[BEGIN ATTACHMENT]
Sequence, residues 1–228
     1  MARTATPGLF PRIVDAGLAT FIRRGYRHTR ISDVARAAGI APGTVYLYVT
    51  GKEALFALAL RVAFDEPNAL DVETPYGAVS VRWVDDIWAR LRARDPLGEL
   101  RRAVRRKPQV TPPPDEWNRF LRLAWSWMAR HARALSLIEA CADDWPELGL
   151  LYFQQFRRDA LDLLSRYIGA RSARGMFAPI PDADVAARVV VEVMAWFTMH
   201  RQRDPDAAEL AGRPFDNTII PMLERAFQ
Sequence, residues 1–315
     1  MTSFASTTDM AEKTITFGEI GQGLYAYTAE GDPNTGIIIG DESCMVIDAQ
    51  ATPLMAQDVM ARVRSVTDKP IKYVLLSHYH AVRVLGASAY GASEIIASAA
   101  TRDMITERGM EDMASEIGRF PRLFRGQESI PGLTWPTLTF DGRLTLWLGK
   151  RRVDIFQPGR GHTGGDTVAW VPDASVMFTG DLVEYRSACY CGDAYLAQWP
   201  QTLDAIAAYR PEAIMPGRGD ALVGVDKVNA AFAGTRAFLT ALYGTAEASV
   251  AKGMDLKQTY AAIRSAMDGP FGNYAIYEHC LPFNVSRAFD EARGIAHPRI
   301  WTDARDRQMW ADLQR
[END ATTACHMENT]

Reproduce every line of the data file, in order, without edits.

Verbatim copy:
Sequence, residues 1–228
     1  MARTATPGLF PRIVDAGLAT FIRRGYRHTR ISDVARAAGI APGTVYLYVT
    51  GKEALFALAL RVAFDEPNAL DVETPYGAVS VRWVDDIWAR LRARDPLGEL
   101  RRAVRRKPQV TPPPDEWNRF LRLAWSWMAR HARALSLIEA CADDWPELGL
   151  LYFQQFRRDA LDLLSRYIGA RSARGMFAPI PDADVAARVV VEVMAWFTMH
   201  RQRDPDAAEL AGRPFDNTII PMLERAFQ
Sequence, residues 1–315
     1  MTSFASTTDM AEKTITFGEI GQGLYAYTAE GDPNTGIIIG DESCMVIDAQ
    51  ATPLMAQDVM ARVRSVTDKP IKYVLLSHYH AVRVLGASAY GASEIIASAA
   101  TRDMITERGM EDMASEIGRF PRLFRGQESI PGLTWPTLTF DGRLTLWLGK
   151  RRVDIFQPGR GHTGGDTVAW VPDASVMFTG DLVEYRSACY CGDAYLAQWP
   201  QTLDAIAAYR PEAIMPGRGD ALVGVDKVNA AFAGTRAFLT ALYGTAEASV
   251  AKGMDLKQTY AAIRSAMDGP FGNYAIYEHC LPFNVSRAFD EARGIAHPRI
   301  WTDARDRQMW ADLQR